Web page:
While much of the work of the autonomous vehicle revolution, thus far, has been focused in North America, specifically in California’s Silicon Valley, and in the dry and wide-open environment of Nevada, it’s in Europe that (along with Japan) the customers most likely to be enthusiastic about self-driving cars are to be found. It’s why Carlos Moedas, the EU’s commissioner for research, science and innovation, said: “Automated road transport is such a fast-moving and important area that it requires a co-ordinated and a collaborative approach within and between the public and the private spheres. A vast range of sectors, from the automotive industry and road infrastructure to IT and telecoms, have a role to play in exploring this new frontier.”

But it’s not just a question of creating new technology, stuffing it into a rolling chassis, and sitting back and letting the money roll in. Autonomous car technology has the potential to dramatically alter not just the world of motoring, but society itself.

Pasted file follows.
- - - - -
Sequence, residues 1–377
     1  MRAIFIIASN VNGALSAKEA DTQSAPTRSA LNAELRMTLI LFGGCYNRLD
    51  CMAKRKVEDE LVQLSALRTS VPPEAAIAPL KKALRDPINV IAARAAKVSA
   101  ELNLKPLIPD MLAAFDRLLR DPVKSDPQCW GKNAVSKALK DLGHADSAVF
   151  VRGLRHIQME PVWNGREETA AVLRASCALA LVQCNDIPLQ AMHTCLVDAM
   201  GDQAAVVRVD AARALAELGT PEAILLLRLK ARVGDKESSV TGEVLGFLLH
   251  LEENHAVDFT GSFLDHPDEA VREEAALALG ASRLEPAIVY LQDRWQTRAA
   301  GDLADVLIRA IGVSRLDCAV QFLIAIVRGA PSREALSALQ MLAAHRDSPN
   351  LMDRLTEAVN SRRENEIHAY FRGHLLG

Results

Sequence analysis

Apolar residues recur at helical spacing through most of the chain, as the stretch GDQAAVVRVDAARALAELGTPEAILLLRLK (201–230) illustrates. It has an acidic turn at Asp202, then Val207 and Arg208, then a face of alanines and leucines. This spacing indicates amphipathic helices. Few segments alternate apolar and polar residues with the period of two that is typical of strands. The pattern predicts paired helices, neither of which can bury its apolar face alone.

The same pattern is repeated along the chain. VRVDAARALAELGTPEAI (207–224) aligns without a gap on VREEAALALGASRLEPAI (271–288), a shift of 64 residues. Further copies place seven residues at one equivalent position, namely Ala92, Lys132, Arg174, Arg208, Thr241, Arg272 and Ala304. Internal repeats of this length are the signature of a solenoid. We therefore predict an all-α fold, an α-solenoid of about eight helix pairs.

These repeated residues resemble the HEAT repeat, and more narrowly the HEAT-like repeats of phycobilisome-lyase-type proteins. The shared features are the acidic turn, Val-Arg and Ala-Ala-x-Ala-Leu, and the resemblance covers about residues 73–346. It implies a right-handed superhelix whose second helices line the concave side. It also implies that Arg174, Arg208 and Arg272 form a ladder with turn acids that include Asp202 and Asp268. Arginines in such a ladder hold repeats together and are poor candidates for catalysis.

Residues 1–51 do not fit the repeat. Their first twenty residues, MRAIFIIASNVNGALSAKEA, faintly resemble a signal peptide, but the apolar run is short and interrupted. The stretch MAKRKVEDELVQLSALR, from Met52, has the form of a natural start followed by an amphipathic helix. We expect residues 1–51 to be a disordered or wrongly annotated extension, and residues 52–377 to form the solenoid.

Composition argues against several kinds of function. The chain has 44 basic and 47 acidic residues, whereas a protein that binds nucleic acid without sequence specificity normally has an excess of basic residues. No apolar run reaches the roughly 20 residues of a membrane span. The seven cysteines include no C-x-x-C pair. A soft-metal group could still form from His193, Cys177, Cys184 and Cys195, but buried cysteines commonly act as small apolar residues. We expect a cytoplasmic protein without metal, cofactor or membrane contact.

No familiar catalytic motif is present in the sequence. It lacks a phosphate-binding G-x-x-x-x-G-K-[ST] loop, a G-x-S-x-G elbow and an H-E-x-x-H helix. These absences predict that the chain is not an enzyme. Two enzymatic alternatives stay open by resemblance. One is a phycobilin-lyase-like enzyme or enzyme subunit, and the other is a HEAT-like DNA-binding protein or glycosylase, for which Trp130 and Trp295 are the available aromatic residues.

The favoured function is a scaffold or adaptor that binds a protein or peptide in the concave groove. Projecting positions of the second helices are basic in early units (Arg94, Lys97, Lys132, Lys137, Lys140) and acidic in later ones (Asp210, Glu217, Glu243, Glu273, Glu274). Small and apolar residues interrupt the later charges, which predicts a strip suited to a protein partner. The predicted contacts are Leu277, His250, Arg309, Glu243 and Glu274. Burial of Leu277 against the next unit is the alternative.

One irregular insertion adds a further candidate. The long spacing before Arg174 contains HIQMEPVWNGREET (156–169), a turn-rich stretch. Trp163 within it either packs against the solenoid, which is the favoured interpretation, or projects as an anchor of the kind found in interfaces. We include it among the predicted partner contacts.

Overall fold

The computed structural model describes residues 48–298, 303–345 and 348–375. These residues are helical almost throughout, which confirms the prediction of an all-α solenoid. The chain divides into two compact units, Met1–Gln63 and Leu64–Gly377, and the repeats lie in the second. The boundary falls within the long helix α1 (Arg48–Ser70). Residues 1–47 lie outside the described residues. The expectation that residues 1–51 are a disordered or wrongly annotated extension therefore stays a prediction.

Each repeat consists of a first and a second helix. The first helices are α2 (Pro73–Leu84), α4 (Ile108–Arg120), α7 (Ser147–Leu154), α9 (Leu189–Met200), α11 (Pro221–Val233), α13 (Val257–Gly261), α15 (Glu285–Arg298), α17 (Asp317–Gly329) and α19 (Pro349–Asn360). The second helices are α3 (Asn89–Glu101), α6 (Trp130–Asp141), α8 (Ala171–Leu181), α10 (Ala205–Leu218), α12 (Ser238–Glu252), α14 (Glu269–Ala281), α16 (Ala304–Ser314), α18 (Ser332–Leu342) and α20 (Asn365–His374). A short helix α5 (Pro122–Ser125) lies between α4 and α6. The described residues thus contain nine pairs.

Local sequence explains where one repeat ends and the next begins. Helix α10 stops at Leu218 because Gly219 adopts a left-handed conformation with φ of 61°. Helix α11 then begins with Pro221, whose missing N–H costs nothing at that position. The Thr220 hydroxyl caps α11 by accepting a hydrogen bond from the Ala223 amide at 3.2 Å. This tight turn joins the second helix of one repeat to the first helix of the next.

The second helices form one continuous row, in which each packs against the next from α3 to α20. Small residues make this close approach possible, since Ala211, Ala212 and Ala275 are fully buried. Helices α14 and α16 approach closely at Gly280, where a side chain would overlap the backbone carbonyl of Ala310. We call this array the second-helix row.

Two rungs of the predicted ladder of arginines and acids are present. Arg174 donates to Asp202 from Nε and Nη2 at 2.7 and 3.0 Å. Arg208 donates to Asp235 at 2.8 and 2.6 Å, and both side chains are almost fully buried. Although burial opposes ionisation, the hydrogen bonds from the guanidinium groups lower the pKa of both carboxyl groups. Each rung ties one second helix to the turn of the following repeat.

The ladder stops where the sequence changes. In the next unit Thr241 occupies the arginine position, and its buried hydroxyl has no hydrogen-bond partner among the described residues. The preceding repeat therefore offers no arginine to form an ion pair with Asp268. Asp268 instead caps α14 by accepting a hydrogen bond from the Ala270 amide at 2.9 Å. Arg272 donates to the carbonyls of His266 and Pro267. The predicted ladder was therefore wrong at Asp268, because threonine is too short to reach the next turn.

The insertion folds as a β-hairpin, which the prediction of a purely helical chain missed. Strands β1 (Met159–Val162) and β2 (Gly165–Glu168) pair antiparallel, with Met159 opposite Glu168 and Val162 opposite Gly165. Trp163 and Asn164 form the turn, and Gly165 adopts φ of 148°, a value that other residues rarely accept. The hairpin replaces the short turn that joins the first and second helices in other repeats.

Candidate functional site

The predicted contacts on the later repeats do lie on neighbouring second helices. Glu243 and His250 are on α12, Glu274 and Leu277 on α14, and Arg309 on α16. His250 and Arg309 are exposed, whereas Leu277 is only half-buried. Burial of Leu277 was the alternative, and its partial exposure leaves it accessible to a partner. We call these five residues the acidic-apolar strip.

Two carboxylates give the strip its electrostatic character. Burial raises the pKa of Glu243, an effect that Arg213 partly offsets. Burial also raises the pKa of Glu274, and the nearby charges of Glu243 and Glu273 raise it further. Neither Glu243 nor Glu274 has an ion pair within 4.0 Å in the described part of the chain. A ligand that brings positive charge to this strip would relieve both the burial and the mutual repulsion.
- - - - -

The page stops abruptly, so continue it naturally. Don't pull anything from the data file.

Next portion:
Atsushi Okawa, chief operating officer of Clarion Europe, told The Irish Times that caution is needed along with research. “Creating innovations in the automotive sector is good, but getting them adopted is better. Opinions are currently divided on the question of whether or not users are ready to adopt autonomous cars,” he said. “In France, however, despite advanced R&D in the automotive sector and very strong skills in engineering and industry, users seem to be more conservative than in, for example, Japan. Over the next few years, the big challenge will therefore be to gain their trust in these new ways of getting around.”

Clearly, we’re still further away than many people think from an all-autonomous future. The technology is still in its infancy, in spite of the blazing publicity surrounding it. The distance between us and a road full of autonomous cars is long and studded with obstacles, and it is only by collaboration and co-operation that those obstacles can be swerved around.